Undaunted, ETPI filed a petition before the Court of Appeals (CA) which referred the case to the CTA en banc due to the passage of R.A. No. 9282.17

On April 30, 2008, the CTA en banc rendered a Decision18 which affirmed the decision of the old CTA.  In its disquisition, the CTA en banc stated that VAT-registered persons must comply with the invoicing requirements prescribed in Sections 113(A)19 and 23720 of the NIRC.  Moreover,  the  invoicing  requirements  enumerated  in  Section  4.108-1  of RR No. 7-95 are mandatory due to the word “shall” and not “may”.  Hence, non-compliance with any thereof would disallow any claim for tax credit or VAT refund.

CTA Presiding Justice Ernesto Acosta (PJ Acosta) filed a Concurring and Dissenting Opinion21 wherein he disagreed with the majority’s view regarding  the  supposed  mandatory  requirement  of  imprinting  the  term “zero-rated” on official receipts or invoices.  He stated that Section 113 in relation to Section 237 of the NIRC does not require the imprinting of the phrase “zero-rated” on an invoice or official receipt for the document to be considered valid for the purpose of claiming a refund or an issuance of a tax credit certificate.  Hence, the absence of the term “zero-rated” in an invoice or official receipt does not affect its admissibility or competency as evidence in support of a refund claim.  Assuming that stamping the term “zero-rated” on an invoice or official receipt is a requirement of the current NIRC, the denial of a refund claim is not the imposable penalty for failure to comply with that requirement.  Nevertheless, PJ Acosta agreed with the majority’s decision to deny the claim due to ETPI’s failure to prove the input taxes it paid on its domestic purchases of goods and services during the period involved.

ETPI filed a motion for reconsideration which was denied in the Resolution22 dated July 2, 2008.  Hence, this petition.

The Issue

Whether or not the CTA erred in denying ETPI’s claim for refund of input taxes resulting from its zero-rated sales.

Ruling of the Court

The petition is bereft of merit.

Foremost, it should be noted that the CTA has developed an expertise on the subject of taxation because it is a specialized court dedicated exclusively to the study and resolution of tax problems.  As such, its findings of fact are accorded the highest respect and are generally conclusive upon this Court, in the absence of grave abuse of discretion or palpable error.  Its decisions shall not be lightly set aside on appeal, unless this Court finds that the questioned decision is not supported by substantial evidence or there is a showing of abuse or improvident exercise of authority.23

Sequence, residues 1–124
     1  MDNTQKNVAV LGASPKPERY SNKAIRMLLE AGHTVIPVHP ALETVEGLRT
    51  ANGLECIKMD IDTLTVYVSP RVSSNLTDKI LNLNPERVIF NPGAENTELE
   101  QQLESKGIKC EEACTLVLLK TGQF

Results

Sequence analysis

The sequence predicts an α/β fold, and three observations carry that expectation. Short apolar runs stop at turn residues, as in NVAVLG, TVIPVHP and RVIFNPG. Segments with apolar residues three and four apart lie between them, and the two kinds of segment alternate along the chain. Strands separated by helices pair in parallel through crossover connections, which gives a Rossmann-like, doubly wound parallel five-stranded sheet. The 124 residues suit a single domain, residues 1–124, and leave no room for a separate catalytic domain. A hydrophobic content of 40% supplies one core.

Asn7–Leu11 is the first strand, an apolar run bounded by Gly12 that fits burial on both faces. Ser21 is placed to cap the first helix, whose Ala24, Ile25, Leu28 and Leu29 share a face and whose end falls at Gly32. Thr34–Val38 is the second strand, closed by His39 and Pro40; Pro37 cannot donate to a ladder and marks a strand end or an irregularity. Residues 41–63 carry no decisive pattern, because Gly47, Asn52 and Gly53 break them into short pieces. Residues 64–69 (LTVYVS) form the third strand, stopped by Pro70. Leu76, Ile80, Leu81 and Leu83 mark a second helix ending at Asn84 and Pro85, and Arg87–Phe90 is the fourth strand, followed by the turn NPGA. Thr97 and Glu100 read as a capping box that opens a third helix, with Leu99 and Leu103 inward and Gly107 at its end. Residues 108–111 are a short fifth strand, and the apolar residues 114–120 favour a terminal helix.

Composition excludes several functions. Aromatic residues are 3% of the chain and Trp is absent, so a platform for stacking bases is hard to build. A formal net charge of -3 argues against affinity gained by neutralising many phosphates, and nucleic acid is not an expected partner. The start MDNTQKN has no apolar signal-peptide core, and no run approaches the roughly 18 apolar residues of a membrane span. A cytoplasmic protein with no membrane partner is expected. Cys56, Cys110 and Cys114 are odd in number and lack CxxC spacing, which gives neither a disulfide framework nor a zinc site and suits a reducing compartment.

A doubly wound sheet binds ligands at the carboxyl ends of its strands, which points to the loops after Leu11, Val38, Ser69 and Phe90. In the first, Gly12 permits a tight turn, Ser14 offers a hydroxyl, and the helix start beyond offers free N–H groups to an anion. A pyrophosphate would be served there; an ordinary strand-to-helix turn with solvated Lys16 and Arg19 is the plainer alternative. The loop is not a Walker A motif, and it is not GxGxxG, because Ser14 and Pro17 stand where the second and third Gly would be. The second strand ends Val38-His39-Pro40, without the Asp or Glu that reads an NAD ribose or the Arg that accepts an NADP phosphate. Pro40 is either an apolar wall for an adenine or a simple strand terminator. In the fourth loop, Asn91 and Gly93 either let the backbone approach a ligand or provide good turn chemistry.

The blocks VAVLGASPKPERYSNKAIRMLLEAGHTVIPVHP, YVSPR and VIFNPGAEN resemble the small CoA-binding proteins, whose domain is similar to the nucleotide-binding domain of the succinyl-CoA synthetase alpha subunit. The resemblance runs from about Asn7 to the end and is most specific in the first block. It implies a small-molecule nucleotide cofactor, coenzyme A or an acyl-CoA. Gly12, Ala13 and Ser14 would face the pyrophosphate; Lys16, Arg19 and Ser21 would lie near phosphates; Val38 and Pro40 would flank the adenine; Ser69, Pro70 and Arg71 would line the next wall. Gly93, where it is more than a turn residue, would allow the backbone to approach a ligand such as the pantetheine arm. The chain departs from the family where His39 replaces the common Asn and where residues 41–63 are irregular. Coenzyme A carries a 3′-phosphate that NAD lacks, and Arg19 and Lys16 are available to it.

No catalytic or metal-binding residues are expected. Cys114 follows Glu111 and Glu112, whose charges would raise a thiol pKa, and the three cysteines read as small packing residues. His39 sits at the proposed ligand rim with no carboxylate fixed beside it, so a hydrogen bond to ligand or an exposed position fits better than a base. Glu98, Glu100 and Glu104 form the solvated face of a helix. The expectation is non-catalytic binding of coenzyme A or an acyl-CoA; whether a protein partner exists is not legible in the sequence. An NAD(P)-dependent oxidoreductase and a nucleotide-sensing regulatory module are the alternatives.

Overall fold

The word “zero-rated” is required on
the invoices or receipts issued by
VAT-registered taxpayers.


ETPI posits that the NIRC allows VAT-registered taxpayers to file a claim for refund of input taxes directly attributable to zero-rated transactions subject to compliance with certain conditions.  To bolster its averment, ETPI pointed out that the imprint of the word “zero-rated” on the face of the sales invoice or receipt is merely required in RR No. 7-95 which cannot prevail over a taxpayer’s substantive right to claim a refund or tax credit for its input taxes.  And, that the lack of the word “zero-rated” on its invoices and receipts does not justify an outright denial of its claim for refund or tax credit considering that it has presented equally relevant and competent evidence to prove its claim.  Moreover, its clients are non-resident foreign corporations which are exempted from paying VAT.  Thus, it cannot take advantage of its omission to print the word “zero-rated” on its invoices and sales receipts.

The Secretary of Finance has the authority to promulgate the necessary rules and regulations for the effective enforcement of the provisions of the NIRC.  Such rules and regulations are given weight and respect by the courts in view of the rule-making authority given to those who formulate them and their specific expertise in their respective fields.24

An  applicant  for  a  claim  for  tax  refund  or  tax  credit  must  not only prove entitlement to the claim but also compliance with all the documentary and evidentiary requirements.25  Consequently, the old CTA, as affirmed by the CTA en banc, correctly ruled that a claim for the refund of creditable input taxes must be evidenced by a VAT invoice or official receipt in accordance with Section 110(A)(1)26 of the NIRC.  Sections 237 and 23827 of the same Code as well as Section 4.108-1 of RR No. 7-95 provide for the invoicing requirements that all VAT-registered taxpayers should observe, such as: (a) the BIR Permit to Print; (b) the Tax Identification Number of the VAT-registered purchaser; and (c) the word “zero-rated” imprinted thereon.  Thus, the failure to indicate the words “zero-rated” on the invoices and receipts issued by a taxpayer would result in the denial of the  claim  for  refund  or  tax  credit.  Revenue  Memorandum  Circular  No. 42-2003 on this point reads:

A-13: Failure by the supplier to comply with the invoicing requirements on the documents supporting the sale of goods and services will result to the disallowance of the claim for input tax by the purchaser-claimant.

If the claim for refund/TCC is based on the existence of zero-rated sales by the taxpayer but it fails to comply with the invoicing requirements in the issuance of sales invoices (e.g. failure to indicate the TIN), its claim for tax credit/refund of VAT on its purchases shall be denied considering that the invoice it is issuing to its customers does not depict its being a VAT-registered taxpayer whose sales are classified as zero-rated sales.  Nonetheless, this treatment is without prejudice to the right of the taxpayer to charge the input taxes to the appropriate expense account or asset account subject to depreciation, whichever is applicable.  Moreover, the case shall be referred by the processing office to the concerned BIR office for verification of other tax liabilities of the taxpayer. (Emphasis ours)